In determining whether the “reasonable juror” would find a particular statement defamatory, courts have held that “words charged to be defamatory are to be taken in their natural meaning and that the courts will not strain to interpret them in their mildest and most inoffensive sense to hold them nonlibelous.” Mencher v. Chesley, 297 N.Y. 94, 99, 75 N.E.2d 257 (1947); see also Rodriguez v. Panayiotou, 314 F.3d 979, 986(9th Cir.2002) (a court must “place itself in the position of the ․ reader, and determine the sense of meaning of the statement according to its natural and popular construction” and the “natural and probable effect [it would have] upon the mind of the average reader”).
Moreover, if the language at issue is “capable of both a defamatory and a nondefamatory meaning, there exists a question of fact for the jury.” Dunn v. Gannett New York Newspapers, Inc., 833 F.2d 446, 449 (3d Cir.1987). See also Jewell v. NYP Holdings, Inc., 23 F.Supp.2d 348, 363 (S.D.N.Y.1998) ( “[i]f the statement complained of is susceptible of more than one meaning, at least one of which is defamatory, the claim must go to the jury”).
For example, applying the three-part test in Underwager, we have held that a reasonable factfinder could conclude that a statement made in the context of a satirical television program implied an assertion of objective fact. In Unelko Corp. v. Rooney, a manufacturer of rain-repellant windshield glass coating “Rain-X” brought a defamation action against television personality who stated on television program that the product “didn't work.” The defendant, Andy Rooney, moved for summary judgment. The district court granted summary judgment on the ground that none of Rooney's statements were capable of defamatory meaning. We reversed and held that “the tenor of Rooney's segment notwithstanding, the statement ‘it didn't work’ could reasonably be viewed as implying an assertion of objective fact.” In so holding, this court reasoned that:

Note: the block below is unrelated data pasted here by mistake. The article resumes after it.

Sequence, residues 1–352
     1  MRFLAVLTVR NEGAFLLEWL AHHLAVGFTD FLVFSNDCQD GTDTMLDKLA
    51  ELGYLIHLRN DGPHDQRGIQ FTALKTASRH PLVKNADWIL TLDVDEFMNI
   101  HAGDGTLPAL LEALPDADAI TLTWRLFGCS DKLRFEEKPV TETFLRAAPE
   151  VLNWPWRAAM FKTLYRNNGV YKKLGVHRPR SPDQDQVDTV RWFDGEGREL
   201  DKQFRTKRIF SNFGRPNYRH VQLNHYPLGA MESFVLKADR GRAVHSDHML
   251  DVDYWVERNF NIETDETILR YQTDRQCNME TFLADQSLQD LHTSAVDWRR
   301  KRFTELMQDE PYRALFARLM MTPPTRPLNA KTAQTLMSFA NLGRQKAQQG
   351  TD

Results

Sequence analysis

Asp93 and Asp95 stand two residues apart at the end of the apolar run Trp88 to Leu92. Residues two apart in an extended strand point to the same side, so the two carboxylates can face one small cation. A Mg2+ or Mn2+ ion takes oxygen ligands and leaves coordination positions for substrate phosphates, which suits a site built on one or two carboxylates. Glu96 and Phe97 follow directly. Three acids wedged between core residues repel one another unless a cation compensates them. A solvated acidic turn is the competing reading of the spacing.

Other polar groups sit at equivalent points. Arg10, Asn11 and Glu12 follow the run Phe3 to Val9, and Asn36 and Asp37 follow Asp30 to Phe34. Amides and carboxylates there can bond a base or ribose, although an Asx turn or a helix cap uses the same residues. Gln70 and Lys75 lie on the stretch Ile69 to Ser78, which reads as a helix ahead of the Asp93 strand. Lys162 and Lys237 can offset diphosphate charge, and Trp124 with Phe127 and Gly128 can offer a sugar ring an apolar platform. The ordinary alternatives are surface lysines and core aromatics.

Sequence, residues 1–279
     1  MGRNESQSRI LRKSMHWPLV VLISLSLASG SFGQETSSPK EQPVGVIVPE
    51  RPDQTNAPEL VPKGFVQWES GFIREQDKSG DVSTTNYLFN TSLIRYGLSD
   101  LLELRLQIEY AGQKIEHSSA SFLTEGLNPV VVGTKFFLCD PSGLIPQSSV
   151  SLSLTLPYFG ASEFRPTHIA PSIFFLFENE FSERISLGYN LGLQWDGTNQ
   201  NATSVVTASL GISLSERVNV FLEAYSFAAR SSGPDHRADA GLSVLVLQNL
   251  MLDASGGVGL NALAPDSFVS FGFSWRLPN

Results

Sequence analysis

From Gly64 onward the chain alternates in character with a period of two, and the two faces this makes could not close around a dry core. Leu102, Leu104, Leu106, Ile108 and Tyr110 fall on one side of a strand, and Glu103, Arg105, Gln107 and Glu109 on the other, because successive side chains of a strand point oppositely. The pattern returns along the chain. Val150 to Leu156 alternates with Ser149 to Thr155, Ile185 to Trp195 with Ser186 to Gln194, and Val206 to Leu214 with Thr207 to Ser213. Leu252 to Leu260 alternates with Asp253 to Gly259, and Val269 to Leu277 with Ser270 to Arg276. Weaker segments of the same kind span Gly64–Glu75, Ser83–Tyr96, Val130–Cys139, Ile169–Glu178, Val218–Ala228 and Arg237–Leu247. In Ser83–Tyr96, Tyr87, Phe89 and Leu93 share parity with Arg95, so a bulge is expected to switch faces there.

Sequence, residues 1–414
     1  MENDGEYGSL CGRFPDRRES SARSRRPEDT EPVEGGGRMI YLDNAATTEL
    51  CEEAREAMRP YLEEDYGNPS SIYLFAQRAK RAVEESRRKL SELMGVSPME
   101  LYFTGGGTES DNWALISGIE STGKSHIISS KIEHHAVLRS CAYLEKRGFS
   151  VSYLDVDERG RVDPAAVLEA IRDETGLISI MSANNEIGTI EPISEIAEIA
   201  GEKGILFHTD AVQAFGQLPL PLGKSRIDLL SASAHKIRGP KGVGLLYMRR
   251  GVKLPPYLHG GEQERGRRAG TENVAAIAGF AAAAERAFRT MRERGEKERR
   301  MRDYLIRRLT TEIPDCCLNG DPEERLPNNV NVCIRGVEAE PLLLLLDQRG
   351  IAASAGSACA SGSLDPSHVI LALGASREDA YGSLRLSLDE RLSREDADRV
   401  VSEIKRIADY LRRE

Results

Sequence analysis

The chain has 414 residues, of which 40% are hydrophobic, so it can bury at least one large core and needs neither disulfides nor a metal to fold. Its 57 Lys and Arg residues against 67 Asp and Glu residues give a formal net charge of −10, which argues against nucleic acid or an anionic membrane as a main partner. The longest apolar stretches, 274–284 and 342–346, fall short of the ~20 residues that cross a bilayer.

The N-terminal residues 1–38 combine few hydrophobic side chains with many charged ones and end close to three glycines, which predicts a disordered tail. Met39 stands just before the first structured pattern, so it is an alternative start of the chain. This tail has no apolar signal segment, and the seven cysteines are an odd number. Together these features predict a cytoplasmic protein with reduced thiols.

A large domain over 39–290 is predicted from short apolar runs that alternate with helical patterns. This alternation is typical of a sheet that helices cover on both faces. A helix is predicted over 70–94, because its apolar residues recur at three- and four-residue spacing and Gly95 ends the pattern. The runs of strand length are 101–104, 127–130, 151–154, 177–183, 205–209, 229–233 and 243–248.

[t]he tenor of Rooney's segment notwithstanding, the statement ‘it didn't work’ could reasonably be viewed as implying an assertion of objective fact. The humorous and satirical nature of Rooney's segment of ‘60 minutes' does not negate the impression that he was making a factual assertion about [the product's] performance when applied to his vehicles. Although part of a humorous report, the statement ‘it didn't work’ was presented as fact and understood as fact by several viewers who wrote to CBS.3 The humor in Rooney's statement about [the product] is derived not from hyperbole or exaggeration, but from the fact that his report of the product's effectiveness was the antithesis of what its inventor presumably desired. Rooney's negative evaluation of [the product's] capabilities differs significantly from his personal assessment of the other items he received in the mail; thus it receives no protection based on the overall tenor of his ‘60 minutes' segment.
Unelko, 912 F.2d at 1054 (emphasis added).
A. Application of the Test to the Photo and Caption
Here, while the Majority correctly states the Ninth Circuit's three-part test, it incorrectly applies the test to the properly pleaded facts in the present complaint.
1. First Prong: Broad Context
Under Underwager, the court first looks at the broad context in which the statement appears: “the general tenor of the work, the subject of the statements, the setting, and the format of the work.” Underwager, 69 F.3d at 366.
The “broad context” here is correctly stated: the website on which the photo and caption at issue appear, EXPN.com, and the specific photo gallery (termed the “Green Carpet Gallery”) with the caption “EXPN style.” See Majority Op. at III.B.2. Here, the Majority concludes that when viewed in the broad context of the website on which the photo and caption at issue appear, the statement is not reasonably susceptible of defamatory meaning. See Majority Op. at III.B.2.